Mostly Cloudy, 61°

Brown to be named District 2 commissioner



FORSYTH COUNTY, Ga. — After being the sole qualifier for the open District 2 Forsyth County Board of Commissioners seat, Dennis Brown will be named the newest member of the board.

There will not be an election held for this seat on Nov. 7 because he’s the only finalist. However, the state will not certify the election and Brown will not start working as commissioner until after that date.

The seat opened last month after it was vacated by Rick Swope who resigned because of a career conflict.

Brown is a retired U.S. Army colonel and veteran of the Afghanistan war and has lived in the county since 1998.

During his military career, Brown received the Bronze Star and Legion of Merit for his service.

Additionally, he has more than 35 years of experience of managerial and leadership positions.

Brown is a longtime conservative activist who has served on the board of Georgia’s Conservative Policy Leadership Institute, as a delegate to the Republican convention and as treasurer of the Forsyth County Republican Party.

Currently, Brown teaches classes on terrorism and homeland security part-time at Kennesaw State University, while working to obtain his doctorate degree. He said he stepped up to be a commissioner to serve the people of District 2, which includes most of the southern portion of the county.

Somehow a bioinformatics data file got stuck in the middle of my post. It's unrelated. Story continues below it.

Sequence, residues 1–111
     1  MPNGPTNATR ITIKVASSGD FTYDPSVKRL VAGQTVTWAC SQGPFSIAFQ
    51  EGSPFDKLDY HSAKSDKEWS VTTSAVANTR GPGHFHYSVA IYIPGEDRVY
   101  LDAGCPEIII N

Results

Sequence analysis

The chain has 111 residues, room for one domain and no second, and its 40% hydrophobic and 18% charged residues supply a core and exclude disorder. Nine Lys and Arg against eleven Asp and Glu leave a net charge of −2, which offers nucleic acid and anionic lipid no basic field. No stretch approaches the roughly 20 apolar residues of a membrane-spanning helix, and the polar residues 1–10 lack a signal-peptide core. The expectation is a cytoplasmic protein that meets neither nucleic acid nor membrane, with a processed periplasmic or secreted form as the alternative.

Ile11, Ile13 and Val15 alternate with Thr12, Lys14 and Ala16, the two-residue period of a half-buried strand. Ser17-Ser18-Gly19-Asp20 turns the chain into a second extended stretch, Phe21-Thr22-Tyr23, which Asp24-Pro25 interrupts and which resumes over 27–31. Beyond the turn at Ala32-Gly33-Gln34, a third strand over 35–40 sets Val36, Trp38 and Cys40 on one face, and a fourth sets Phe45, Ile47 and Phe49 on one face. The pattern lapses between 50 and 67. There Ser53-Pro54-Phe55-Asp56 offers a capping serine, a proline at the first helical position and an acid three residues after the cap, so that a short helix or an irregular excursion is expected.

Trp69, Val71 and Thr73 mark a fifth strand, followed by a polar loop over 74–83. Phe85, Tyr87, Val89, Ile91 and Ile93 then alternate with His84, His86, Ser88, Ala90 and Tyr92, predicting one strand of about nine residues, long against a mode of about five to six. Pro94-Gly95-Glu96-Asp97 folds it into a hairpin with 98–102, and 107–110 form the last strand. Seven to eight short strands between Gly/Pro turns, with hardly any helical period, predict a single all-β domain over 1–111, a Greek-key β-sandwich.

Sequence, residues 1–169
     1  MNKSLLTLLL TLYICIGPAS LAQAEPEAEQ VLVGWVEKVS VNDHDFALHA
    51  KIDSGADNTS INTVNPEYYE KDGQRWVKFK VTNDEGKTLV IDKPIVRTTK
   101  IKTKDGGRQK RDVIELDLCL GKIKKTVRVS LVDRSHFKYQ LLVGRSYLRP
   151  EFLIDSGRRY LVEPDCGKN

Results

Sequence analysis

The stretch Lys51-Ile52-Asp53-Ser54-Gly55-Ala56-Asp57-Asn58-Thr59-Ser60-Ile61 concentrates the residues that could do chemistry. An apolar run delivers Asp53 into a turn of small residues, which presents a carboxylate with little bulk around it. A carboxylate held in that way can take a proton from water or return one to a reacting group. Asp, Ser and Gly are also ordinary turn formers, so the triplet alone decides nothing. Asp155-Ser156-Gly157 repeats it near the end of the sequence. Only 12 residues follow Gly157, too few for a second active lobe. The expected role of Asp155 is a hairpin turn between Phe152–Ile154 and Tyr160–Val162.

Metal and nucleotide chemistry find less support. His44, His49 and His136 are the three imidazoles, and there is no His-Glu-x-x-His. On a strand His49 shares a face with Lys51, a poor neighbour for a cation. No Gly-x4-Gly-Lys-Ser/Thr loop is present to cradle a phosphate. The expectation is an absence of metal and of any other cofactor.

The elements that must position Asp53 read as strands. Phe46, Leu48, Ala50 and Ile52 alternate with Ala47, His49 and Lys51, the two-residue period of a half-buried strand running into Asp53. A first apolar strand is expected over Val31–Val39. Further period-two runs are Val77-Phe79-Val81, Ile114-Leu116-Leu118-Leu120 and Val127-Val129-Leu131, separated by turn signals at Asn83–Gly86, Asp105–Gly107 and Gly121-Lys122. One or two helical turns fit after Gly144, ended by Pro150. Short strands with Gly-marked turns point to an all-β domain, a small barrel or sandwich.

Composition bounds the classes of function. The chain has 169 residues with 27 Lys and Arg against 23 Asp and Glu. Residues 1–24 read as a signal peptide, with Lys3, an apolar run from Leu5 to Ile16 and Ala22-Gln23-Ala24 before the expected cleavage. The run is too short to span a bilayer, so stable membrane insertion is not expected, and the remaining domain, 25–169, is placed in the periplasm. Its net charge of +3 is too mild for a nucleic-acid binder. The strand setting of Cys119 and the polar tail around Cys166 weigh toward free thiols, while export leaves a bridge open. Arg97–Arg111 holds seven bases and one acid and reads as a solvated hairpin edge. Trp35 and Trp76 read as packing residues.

“I’ve seen combat zones that had better planning than the current residential communities approved over the last few years by the County Commission,” Brown said. “We need to protect what’s great about Forsyth. That means setting a mission and implementing a strategic plan to grow responsibly, shield schools from overcrowding and defend our conservative values.”

His goals for the term, which runs through December 31, 2020, are to:

• Listen to and represent the citizens’ interests

• Maintain taxes at current levels

• Control growth at reasonable levels with quality construction and a balance of residential and commercial

“I want to serve the community and people,” Brown said. “My career in the Army was about serving, so I understand selfless service. I’m not looking for congratulatory, self-serving things. It’s about the people and a greater good, and serving our county in a better manner.”

He said he wants to focus on the county’s growth explosion, school overcrowding and road projects.

“The growth’s a little out of control,” Brown said. “We haven’t completely planned for the growth we’ve encountered. We’re reactionary rather than proactive.”

Looking forward, Brown said he hopes to slow that growth, which he said might be faster than county plans and officials anticipated.

“We’re going to grow,” he said. “We just need to be sure it’s consistent with keeping the quality of life, property values up and remaining the destination of choice for people looking to move. This is a critical time in our county’s development. We need to slow down and make the right choices.”

View desktop version